From the government of Hong Kong:
The Constitutional & Mainland Affairs Bureau has launched a three-month public consultation on the review of the Personal Data (Privacy) Ordinance to gauge views on proposals to amend the law.
Secretary for Constitutional & Mainland Affairs Stephen Lam said today there is a need to examine whether the law still gives adequate protection to personal data given developments, including technological advancement and communication via the Internet, in the last decade.
The Government’s principles in conducting the review include the right of people to privacy, which must be balanced against other rights and public and social interests. Balance is also needed between safeguarding privacy and facilitating continued development of information and communications technology.
Any changes to the privacy law, he said, should not undermine Hong Kong’s competitiveness and economic efficiency, and it is necessary to avoid putting an onerous burden on business operations and individual data users.
Noting the bureau has four fundamental considerations in dealing with the proposals, Mr Lam said ideas enhancing privacy protection will be pursued positively.
“For example, we have proposed to empower the Privacy Commissioner to assist aggrieved data subjects who would like to seek compensation and to take their cases to court. We will consider providing [the commissioner] with the necessary resources to do so.”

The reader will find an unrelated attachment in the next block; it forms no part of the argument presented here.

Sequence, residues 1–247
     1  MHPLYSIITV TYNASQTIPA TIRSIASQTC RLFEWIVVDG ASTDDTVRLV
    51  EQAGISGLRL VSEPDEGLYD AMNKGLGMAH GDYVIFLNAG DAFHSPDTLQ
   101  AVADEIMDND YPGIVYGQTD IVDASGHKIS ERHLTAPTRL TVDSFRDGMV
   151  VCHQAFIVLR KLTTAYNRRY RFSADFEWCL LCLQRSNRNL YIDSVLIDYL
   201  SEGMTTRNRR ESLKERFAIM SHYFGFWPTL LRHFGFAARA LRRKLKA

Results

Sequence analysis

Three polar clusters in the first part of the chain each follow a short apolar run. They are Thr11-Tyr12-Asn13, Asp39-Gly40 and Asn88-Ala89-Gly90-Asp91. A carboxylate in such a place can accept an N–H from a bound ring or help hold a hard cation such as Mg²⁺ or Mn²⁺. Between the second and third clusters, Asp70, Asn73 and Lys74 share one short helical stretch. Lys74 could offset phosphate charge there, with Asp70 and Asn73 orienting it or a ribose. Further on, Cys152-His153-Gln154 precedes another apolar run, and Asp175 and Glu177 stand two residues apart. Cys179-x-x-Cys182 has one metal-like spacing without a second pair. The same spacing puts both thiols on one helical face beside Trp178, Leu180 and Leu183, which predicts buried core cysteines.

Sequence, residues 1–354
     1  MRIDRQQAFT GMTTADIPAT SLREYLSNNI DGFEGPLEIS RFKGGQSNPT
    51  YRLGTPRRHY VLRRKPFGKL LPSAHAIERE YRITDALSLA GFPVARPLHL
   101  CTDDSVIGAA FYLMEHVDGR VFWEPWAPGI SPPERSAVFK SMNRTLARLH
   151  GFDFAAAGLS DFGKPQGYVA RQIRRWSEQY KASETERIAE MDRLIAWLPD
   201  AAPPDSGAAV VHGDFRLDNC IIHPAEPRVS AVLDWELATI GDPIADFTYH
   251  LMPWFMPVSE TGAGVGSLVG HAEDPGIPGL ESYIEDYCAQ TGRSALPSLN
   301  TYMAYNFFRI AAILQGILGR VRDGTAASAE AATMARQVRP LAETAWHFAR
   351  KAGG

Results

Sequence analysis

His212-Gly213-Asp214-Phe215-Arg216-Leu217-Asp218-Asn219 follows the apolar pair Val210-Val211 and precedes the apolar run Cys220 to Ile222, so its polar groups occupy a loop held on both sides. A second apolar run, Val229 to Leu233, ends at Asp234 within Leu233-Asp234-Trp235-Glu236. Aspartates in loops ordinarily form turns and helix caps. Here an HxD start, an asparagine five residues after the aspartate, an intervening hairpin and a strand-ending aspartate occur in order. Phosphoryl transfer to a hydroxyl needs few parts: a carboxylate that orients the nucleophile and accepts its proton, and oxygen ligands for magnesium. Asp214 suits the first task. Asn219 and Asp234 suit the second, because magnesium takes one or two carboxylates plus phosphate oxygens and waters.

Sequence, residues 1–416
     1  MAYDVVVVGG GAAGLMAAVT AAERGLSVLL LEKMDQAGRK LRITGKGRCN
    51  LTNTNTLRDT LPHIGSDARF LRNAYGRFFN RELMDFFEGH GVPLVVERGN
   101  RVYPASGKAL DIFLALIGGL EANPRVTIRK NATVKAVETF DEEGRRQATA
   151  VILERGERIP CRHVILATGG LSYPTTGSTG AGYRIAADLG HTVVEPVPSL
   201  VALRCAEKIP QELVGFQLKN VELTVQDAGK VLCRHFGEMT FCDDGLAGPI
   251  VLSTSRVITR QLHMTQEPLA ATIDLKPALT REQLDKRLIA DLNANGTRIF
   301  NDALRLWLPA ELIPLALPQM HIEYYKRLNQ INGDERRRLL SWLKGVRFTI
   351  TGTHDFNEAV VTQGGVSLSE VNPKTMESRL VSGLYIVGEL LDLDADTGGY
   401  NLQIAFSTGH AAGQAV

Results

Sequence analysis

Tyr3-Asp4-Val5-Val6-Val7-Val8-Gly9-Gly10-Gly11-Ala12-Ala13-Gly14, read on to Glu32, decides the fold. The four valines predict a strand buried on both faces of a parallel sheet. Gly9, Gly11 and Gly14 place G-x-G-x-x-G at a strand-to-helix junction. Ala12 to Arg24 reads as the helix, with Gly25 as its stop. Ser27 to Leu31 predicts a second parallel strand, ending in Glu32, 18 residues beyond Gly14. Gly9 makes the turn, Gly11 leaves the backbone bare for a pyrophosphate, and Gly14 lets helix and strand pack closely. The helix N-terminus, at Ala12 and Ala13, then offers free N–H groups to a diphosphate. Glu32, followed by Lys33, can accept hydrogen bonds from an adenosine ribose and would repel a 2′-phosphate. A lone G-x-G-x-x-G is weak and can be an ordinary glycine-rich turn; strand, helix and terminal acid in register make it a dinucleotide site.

The Government will also examine proposals which are necessitated by technological improvements to keep the law abreast of latest developments and whether the city should afford special extra protection to sensitive personal data, such as biometric information.
Mr Lam said proposals with far-reaching implications for the operation of certain sectors of the community will be assessed prudently. Saying there should be checks and balances in the regulatory regime, he said the Government has reservations in giving the commissioner powers extending across investigation, prosecution and adjudication as these are segregated among different institutions in the common law system.
The consultation document has listed 12 major proposals concerning sensitive personal data, data security, the Office of the Privacy Commissioner for Personal Data’s enforcement powers, and offences and sanctions.
There are 15 other proposals which have considerable impact on the community. They include data users’ rights and obligations, rights of data subjects such as a third party giving consent to personal data use or parents’ right to access a minors’ personal data, and introducing new exemptions on transferring personal data in business mergers or acquisitions on health grounds or during emergencies.
Another 16 proposals mainly cover the technical and operational problems in the implementation of the privacy law and streamlining its operation.
Click here for the document. The public should submit views by November 30 by mailing to Team 4, Constitutional & Mainland Affairs Bureau, Room 364, East Wing, Central Government Offices, Lower Albert Road, Hong Kong, or by sending a fax to 2523 0565, or an email.